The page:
Even the best of children have their moments. Younger ones will cut their eyes at you while testing your limit. “Will she catch me?” “Does she really mean that ‘no’?” Even the worst of children have their moments when they want to do and be good. What’s your best course of action? Always choose first to catch ‘em being good.
When called to the table, 13 year old Alec groused that he didn’t feel like coming to eat dinner with the family. He shuffled out of his room, earbuds in place, wanting to be anywhere else but eating supper with his family. As he sat down, dad gave him “that look.” Alec huffed and whispered, “This is such B.S.”
At that point, Alec’s folks had a choice to make. They could focus on their son’ attitude. “Enough, young man. Lose the attitude. Eat your dinner.” Such a parental response is very common. Parental authority and family values are being challenged. They would have every right to chastise their son for his disrespect, behavior, and language. If they chose this option, however, they would be trading relationship for power. Do you want your family interaction to be based on your power, or on quality relationship?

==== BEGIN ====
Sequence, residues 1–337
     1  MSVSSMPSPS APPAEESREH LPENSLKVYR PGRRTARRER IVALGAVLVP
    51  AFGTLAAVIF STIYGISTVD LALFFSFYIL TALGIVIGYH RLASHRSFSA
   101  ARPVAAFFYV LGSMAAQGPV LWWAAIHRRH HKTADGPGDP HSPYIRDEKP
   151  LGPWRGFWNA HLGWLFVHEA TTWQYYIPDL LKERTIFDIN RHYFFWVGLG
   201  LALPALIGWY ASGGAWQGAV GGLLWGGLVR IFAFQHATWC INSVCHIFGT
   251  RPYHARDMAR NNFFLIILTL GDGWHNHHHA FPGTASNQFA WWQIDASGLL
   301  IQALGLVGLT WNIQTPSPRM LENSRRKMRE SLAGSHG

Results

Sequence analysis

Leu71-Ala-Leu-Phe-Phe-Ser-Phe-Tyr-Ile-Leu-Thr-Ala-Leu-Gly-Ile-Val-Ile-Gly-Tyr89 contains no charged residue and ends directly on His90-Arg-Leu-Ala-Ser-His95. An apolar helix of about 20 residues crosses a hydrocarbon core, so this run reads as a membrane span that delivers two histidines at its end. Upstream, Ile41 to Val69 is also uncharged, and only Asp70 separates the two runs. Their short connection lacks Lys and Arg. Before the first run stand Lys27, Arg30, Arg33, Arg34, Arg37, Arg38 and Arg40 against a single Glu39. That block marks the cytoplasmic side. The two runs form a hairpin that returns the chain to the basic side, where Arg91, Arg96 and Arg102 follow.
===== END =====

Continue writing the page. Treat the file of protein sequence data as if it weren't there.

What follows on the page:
Or, Alec’s folks could choose to focus on his compliance, even when everything else screamed rebellion. They would start the meal by holding hands and blessing the food. Alec might offer his pinky finger to another at this point, or nothing at all. Mom and dad would make small talk, engage other children at the table, and draw Alec into the conversation in some small way.
Assuming the meal goes well, considering, then at conclusion, mom or dad could catch Alec being good. “You know, Son, you made a good choice coming to the table and eating with the family even though it was the last thing you wanted to do. I know you are trying to find your way, and family doesn’t seem to mean much to you right now. Family means a lot to us, obviously, and I thank you for joining us for dinner.”
When given options, choose nurturing the relationship over exercising your power. Your child will remember that lots longer. Pay attention to what you want to grow in your child. Catch ‘em being good.